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What would the halachic issues be (if any) regarding a Jew who wants to trick-or-treat on October 31st?

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Would the situation change if the Jewish family was a long time in Ireland, where 'all hallows eve' and related customs are the trend of one's neighbors? I suppose I'm thinking less of the practice of trick-or-treating, and more of the decorations like harvest gourds and cats. –  Zachariah Oct 26 '12 at 15:27
    
    
And is the age of the trick-or-treater a factor? (This doesn't seem to be just little kids any more, but also teens.) –  Monica Cellio Oct 26 '12 at 16:49
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PM, note that our Thanksgiving question is also tagged with the non-jewish-holidays tag. Are you objecting to the term holidays as used for a(n arguably) secular day? I think the term is in commomn use for that: e.g., July 4th is commonly called a holiday in the States. Ping @DoubleAA –  msh210 Oct 26 '12 at 17:38
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@msh210 I retagged let's see if it stays ;) –  not-allowed to change my name Oct 28 '12 at 14:40

2 Answers 2

up vote 7 down vote accepted

Here's Rabbi Michael Broyde's excellent treatment of the subject, in which he permits observance of Thanksgiving (according to many) but prohibits Halloween, out of our prohibition of imitating heathen-inspired rituals. This matches the practice I've seen observed (at both lay and rabbinic levels) in mainstream Orthodox communities wherever I've been in America. (And while I can't vouch for Canada, I'd think the US is the country that most secularizes Halloween.)

Handing out treats to kids who show up at the door is a different question (addressed by Rabbi Broyde as well); between rabbinic writings, what I've seen done in practice by the lay population, and what is recorded as practiced by twentieth-century rabbinic leaders such Rabbis Avraham Pam and Yaakov Kaminetsky, it's certainly defensible (if not outright appropriate) to do so.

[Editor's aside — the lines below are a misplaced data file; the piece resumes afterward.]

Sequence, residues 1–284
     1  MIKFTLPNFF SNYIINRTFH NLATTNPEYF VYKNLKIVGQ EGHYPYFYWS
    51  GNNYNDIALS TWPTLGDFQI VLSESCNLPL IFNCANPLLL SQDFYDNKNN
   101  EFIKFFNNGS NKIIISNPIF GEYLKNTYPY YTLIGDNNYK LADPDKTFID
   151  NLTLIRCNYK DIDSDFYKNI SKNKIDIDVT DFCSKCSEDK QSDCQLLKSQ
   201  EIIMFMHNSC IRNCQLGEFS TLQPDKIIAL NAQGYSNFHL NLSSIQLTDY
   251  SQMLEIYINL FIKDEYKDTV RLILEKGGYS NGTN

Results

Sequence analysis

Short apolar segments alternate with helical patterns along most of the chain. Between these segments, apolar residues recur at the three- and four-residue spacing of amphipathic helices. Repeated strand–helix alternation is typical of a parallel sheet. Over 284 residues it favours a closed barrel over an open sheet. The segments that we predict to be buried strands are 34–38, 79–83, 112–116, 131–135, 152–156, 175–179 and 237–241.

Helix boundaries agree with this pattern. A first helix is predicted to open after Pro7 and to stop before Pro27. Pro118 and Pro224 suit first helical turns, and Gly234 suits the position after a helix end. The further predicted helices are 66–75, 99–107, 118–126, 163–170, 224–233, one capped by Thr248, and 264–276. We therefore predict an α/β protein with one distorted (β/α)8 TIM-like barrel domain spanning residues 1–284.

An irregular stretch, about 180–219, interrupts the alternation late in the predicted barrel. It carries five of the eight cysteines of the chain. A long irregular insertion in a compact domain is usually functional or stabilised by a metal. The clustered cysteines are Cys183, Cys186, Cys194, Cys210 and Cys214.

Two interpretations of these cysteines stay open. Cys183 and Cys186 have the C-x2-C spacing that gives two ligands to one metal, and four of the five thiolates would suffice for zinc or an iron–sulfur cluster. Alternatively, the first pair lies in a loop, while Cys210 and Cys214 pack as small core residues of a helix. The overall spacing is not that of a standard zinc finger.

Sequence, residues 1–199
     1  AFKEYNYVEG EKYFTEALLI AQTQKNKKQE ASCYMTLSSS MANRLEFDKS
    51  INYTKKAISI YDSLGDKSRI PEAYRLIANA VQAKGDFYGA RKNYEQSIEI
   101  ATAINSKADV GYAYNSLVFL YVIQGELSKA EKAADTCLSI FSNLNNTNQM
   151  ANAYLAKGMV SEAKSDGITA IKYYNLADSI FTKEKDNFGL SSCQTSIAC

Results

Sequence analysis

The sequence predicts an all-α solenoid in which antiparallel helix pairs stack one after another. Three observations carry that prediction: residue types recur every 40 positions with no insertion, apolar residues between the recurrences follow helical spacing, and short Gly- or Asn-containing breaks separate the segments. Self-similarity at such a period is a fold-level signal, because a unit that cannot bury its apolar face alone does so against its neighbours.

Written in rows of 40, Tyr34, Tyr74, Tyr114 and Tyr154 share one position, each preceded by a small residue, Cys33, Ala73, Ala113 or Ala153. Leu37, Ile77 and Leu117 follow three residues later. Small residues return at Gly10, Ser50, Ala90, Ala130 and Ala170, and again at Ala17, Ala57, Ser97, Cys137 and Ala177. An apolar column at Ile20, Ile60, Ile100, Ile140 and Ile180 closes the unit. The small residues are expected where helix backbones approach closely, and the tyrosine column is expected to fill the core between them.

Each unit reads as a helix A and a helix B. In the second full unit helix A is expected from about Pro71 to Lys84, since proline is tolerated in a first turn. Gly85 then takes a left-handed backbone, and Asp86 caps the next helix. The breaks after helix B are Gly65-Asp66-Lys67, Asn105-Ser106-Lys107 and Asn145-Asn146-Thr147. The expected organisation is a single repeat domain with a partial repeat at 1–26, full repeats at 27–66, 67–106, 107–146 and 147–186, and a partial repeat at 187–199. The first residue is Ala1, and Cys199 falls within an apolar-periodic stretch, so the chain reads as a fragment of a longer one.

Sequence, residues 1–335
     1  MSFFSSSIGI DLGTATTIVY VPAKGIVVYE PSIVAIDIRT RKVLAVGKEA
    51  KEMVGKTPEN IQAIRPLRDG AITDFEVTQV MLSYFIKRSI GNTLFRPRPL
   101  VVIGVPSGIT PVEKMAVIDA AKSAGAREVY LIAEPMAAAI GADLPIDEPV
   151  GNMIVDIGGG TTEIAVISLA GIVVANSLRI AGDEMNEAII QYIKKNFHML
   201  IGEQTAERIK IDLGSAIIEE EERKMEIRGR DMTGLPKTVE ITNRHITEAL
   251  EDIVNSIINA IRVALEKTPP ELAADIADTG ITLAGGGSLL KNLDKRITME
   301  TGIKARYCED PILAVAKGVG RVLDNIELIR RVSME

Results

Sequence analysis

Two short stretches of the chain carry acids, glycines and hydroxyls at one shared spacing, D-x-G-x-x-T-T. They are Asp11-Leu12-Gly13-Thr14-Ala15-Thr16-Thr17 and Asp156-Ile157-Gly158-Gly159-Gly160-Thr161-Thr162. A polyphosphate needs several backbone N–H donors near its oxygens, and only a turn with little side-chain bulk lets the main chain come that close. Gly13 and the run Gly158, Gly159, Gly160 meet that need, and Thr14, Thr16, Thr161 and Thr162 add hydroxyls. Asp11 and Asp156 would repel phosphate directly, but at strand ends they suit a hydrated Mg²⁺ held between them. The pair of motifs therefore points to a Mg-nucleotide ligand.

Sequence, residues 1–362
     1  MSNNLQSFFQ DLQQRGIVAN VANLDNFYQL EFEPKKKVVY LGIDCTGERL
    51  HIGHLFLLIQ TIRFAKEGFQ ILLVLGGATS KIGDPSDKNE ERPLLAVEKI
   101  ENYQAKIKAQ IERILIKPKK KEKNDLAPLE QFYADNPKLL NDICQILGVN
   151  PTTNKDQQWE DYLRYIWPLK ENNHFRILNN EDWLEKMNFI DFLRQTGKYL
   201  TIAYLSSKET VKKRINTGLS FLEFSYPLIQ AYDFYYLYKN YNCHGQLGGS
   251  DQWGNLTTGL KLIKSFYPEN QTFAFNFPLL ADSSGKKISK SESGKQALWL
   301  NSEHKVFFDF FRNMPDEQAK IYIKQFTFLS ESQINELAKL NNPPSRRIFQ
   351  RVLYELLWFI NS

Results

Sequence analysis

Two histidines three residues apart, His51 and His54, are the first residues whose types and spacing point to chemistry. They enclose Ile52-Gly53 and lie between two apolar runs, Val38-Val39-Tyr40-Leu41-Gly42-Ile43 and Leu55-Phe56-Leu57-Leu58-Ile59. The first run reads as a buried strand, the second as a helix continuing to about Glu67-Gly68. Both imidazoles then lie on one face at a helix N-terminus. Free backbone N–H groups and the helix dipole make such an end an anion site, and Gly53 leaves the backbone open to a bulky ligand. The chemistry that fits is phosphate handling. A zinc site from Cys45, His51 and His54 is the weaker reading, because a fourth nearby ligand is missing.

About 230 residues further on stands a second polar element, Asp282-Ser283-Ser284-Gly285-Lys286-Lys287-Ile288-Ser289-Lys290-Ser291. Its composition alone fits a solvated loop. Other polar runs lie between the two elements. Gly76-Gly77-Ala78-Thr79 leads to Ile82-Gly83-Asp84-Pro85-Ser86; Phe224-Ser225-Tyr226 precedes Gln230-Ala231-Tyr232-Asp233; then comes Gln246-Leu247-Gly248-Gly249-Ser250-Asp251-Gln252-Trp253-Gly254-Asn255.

Here's Rabbi Broyde:

Based on this, in order to justify candy collection on halloween, one would have to accepts the truthfulness of any of the following assertions:

1] Halloween celebrations have a secular origin.

2] The conduct of the individuals "celebrating Halloween" can be rationally explained independent of Halloween.

3] The pagan origins of Halloween or the Catholic response to it are so deeply hidden that they have disappeared, and the celebrations con be attributed to some secular source or reason.

4] The activities memorialized by Halloween are actually consistent with the Jewish tradition.

I believe that none of these statements are true.

Conclusions

Applying these halachic rules to Halloween leads to the conclusion that participation in Halloween celebrations -- which is what collecting candy is when one is wearing a costume -- is prohibited. Halloween, since it has its origins in a pagan practice, and lacks any overt rationale reason for its celebration other than its pagan origins or the Catholic response to it, is governed by the statement of Rabbi Isserless that such conduct is prohibited as its origins taint it. (76) One should not send one's children out to trick or treat on Halloween, or otherwise celebrate the holiday.

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See:

Appendix A: Collecting Candy on Halloween Harmless Pastime or Halachic Prohibition? http://www.tfdixie.com/special/thanksg.htm#A10

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Perhaps include a summary? Also, are you the regular user named Curiouser? –  Double AA Oct 26 '12 at 15:02

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